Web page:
That's my new slogan to describe how a vegan amends agricultural soil, so as to end up with green plants that have good nutritional value for humans. When cultivating animals for food, what one feeds the animals is important for making the animals palatable and nutritious for humans; the same goes for cultivating plants. Plant nutrition, general animal nutrition, human nutrition, as well as proper disposal of the waste products and dead bodies of plants, animals in general, and humans, are all part of making sure humans are well cared for. Feeding yourself well, requires feeding your food well. If you are a vegan, that means feeding agricultural plants well, and good stewardship of uncultivated land.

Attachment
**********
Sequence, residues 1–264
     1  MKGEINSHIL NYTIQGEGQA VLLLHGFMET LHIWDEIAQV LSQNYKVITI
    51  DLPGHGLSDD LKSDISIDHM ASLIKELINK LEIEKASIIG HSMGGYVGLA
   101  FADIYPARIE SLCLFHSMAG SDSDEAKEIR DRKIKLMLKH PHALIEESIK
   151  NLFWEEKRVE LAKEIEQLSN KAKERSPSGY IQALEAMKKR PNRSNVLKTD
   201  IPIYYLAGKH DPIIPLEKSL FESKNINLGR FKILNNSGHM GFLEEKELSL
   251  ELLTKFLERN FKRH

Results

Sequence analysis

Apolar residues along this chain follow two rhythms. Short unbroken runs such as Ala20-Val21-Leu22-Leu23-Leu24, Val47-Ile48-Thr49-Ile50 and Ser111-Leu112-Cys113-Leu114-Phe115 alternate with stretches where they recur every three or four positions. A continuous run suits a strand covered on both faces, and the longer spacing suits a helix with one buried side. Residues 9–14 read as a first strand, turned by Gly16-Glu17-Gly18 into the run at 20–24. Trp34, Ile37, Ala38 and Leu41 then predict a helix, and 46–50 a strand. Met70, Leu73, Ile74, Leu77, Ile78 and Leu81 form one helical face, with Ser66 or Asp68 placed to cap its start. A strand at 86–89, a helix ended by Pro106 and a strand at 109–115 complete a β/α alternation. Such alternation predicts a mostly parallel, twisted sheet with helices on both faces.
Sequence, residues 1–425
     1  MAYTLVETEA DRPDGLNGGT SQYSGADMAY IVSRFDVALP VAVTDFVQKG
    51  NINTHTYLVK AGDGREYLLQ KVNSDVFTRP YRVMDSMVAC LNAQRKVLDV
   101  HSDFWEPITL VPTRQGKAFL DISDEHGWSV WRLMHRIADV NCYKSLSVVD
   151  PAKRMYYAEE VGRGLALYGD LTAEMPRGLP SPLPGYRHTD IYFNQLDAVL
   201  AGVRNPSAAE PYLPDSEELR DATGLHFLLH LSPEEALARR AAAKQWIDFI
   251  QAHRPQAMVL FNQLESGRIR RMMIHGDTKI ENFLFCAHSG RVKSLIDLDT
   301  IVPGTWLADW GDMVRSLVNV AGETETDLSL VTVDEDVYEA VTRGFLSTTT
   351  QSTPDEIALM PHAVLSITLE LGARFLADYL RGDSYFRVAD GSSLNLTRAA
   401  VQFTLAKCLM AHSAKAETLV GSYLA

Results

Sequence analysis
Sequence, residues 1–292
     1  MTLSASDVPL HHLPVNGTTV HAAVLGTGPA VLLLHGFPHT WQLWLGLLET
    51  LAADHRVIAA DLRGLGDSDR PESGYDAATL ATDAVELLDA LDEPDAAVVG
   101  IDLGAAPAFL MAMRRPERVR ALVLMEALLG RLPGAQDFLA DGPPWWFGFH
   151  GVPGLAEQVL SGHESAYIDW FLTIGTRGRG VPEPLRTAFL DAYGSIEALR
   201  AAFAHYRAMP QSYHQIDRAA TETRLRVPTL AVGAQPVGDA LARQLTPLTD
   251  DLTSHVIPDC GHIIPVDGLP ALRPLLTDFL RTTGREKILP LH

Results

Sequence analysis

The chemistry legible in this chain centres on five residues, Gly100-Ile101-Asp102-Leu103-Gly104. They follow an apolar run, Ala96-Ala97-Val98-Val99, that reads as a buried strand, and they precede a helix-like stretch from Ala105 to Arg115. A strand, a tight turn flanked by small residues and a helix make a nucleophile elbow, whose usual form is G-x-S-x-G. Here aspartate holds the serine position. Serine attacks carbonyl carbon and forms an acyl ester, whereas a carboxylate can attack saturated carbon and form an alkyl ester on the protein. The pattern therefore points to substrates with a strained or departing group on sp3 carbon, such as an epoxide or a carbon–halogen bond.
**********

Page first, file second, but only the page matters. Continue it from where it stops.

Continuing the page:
But what is well? Is it simply, as most people seem to think, maximum yield balanced with minimum damage to the environment. Or is there more involved? There is more involved. Just because a plant grows large, and looks good and tastes good, doesn't necessarily mean it has a nutrient constitution, of those nutrients needed by humans, that is ideal.
For example plants don't need iodine to grow well, but humans do. Historically we have gotten iodine from plants. But if the soil they are grown in is low in iodine, the plants will grow just the same as if it has more desirable levels, from a human nutrition standpoint, of iodine. Just imagine commercial farmers thoughts about iodine, whether they are organic farmers or industrialized-west farmers. I doubt they give much thought to it. It doesn't affect yield, or marketability. But it does affect human health.
Feeding green plants doesn't require making sure their soil has iodine. Feeding our food does require making sure their soil has iodine.
The most obvious way of making this happen is to cultivate your food yourself. Simpler than making laws forcing farmers to add iodine to the soil. Simpler than taking sources of iodine produced in pill factories.